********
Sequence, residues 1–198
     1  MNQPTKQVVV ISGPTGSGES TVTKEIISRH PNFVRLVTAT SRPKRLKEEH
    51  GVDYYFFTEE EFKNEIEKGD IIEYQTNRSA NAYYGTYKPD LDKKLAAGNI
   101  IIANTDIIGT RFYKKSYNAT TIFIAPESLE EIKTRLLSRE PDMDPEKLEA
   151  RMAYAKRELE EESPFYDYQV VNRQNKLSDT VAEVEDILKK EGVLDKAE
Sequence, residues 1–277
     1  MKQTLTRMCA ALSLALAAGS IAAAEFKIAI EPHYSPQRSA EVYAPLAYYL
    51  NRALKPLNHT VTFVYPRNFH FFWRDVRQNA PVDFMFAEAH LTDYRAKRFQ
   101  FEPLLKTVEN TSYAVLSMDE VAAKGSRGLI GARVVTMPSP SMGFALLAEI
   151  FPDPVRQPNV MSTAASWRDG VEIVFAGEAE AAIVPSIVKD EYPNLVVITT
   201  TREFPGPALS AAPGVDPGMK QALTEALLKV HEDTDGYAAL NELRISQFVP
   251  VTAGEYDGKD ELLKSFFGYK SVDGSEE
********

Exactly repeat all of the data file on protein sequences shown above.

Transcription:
Sequence, residues 1–198
     1  MNQPTKQVVV ISGPTGSGES TVTKEIISRH PNFVRLVTAT SRPKRLKEEH
    51  GVDYYFFTEE EFKNEIEKGD IIEYQTNRSA NAYYGTYKPD LDKKLAAGNI
   101  IIANTDIIGT RFYKKSYNAT TIFIAPESLE EIKTRLLSRE PDMDPEKLEA
   151  RMAYAKRELE EESPFYDYQV VNRQNKLSDT VAEVEDILKK EGVLDKAE
Sequence, residues 1–277
     1  MKQTLTRMCA ALSLALAAGS IAAAEFKIAI EPHYSPQRSA EVYAPLAYYL
    51  NRALKPLNHT VTFVYPRNFH FFWRDVRQNA PVDFMFAEAH LTDYRAKRFQ
   101  FEPLLKTVEN TSYAVLSMDE VAAKGSRGLI GARVVTMPSP SMGFALLAEI
   151  FPDPVRQPNV MSTAASWRDG VEIVFAGEAE AAIVPSIVKD EYPNLVVITT
   201  TREFPGPALS AAPGVDPGMK QALTEALLKV HEDTDGYAAL NELRISQFVP
   251  VTAGEYDGKD ELLKSFFGYK SVDGSEE